Microsoft said Wednesday it is working with hardware vendors to offer Media Center PCs in five more countries later this year, demonstrating that initial sales of the home entertainment appliance have been at least adequate for the software vendor.
Media Center is a hybrid of Windows XP that has an extra interface to view photos and video on televisions, as well as play digital music files. The high-end system is meant to nudge consumers into buying more-expensive PCs that can become the entertainment hub of their living rooms.
Microsoft is expanding its Media Center distribution to China, France, Germany, Japan, and the United Kingdom. The computers are currently sold in Canada, the United States, and Korea. Last October, Hewlett-Packard became the first computer maker to sell a Media Center PC.
Taking the software to other countries is relatively inexpensive for Microsoft. Nevertheless, the fact that the company is moving ahead only 10 months after the initial hardware launch shows it’s happy with Media Center sales.
“They can extend the market for fairly short money,” said Roger Kay, an analyst at International Data Corp. “It makes eminent sense, based on a good-enough reception in the pilot countries to justify the rollout.”
Microsoft has refused to say how many Media Center machines it has sold.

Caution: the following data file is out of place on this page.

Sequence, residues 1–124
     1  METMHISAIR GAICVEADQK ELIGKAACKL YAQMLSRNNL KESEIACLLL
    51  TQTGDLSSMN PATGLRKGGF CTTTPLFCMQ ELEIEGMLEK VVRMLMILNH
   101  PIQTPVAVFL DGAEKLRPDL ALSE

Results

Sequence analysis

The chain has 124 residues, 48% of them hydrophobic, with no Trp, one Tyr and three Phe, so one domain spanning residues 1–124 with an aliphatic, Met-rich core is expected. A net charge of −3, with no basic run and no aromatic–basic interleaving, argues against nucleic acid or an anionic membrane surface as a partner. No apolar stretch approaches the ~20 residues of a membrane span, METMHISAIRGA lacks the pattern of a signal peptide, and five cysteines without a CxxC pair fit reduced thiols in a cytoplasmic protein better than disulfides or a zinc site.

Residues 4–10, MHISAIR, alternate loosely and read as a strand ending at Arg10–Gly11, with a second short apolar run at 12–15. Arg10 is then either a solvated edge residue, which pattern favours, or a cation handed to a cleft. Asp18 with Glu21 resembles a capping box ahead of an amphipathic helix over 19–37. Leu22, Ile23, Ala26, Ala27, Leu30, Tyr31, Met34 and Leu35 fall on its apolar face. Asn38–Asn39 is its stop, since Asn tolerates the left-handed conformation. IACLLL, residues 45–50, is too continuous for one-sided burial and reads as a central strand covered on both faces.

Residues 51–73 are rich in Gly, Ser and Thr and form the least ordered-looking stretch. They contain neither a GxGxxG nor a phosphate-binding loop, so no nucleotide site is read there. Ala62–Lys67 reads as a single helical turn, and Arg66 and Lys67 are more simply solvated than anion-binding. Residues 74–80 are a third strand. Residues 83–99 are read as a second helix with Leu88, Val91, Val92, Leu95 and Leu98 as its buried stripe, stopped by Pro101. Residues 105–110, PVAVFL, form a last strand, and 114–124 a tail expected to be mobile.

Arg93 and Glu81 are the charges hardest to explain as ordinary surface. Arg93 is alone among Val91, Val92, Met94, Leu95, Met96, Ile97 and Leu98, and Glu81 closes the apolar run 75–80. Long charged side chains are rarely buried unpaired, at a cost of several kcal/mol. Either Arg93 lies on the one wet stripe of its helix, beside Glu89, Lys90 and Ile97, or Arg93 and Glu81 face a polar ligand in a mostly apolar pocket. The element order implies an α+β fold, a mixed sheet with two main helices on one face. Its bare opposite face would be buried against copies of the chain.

However, Kay estimates that sales of Media Center PCs have been in the high tens of thousands, which doesn’t set any records for new products but is certainly respectable. “The question is: Is this a slam dunk, a home run, yet? I think it’s a little too early to say,” Kay said. “Digital entertainment is still in its incipient stages.”
Media Center PCs represent some of the first digital devices meant to lure consumers away from their older analog entertainment systems. Like most new high-tech products, the appliances are expensive and haven’t reached the levels of performance and ease of use as more traditional systems.
“The hardware, and certainly not the infrastructure, is still not quite up to handling digital streaming video and other entertainment-type content at a level that will make these devices a must have for every home,” Kay said. “But that’s coming.”
Among the hardware vendors Microsoft has lined up in each new country are HP, Packard Bell, and Toshiba in France, Germany and United Kingdom; Fujitsu, Hitachi, and Toshiba in Japan; and HP and Toshiba in China.
HP and Gateway sell Media Center PCs for $1,349.99 and $1,499.99, respectively. Both are considerably higher than the average PC, which is less than $1,000. Alienware, Samsung, and Toshiba also sell the Media Center PCs.
Source: Antone Gonsalves, TechWeb News
- Midrange phones can’t do A.I., but MediaTek’s P90 chip aims to change that
- The best text messaging apps for Android and iOS
- The premium Master & Dynamic MH40 headphones are on sale for $200
- AT&T to stop selling location data to third parties after explosive report
- Google to end support for Android devices running Ice Cream Sandwich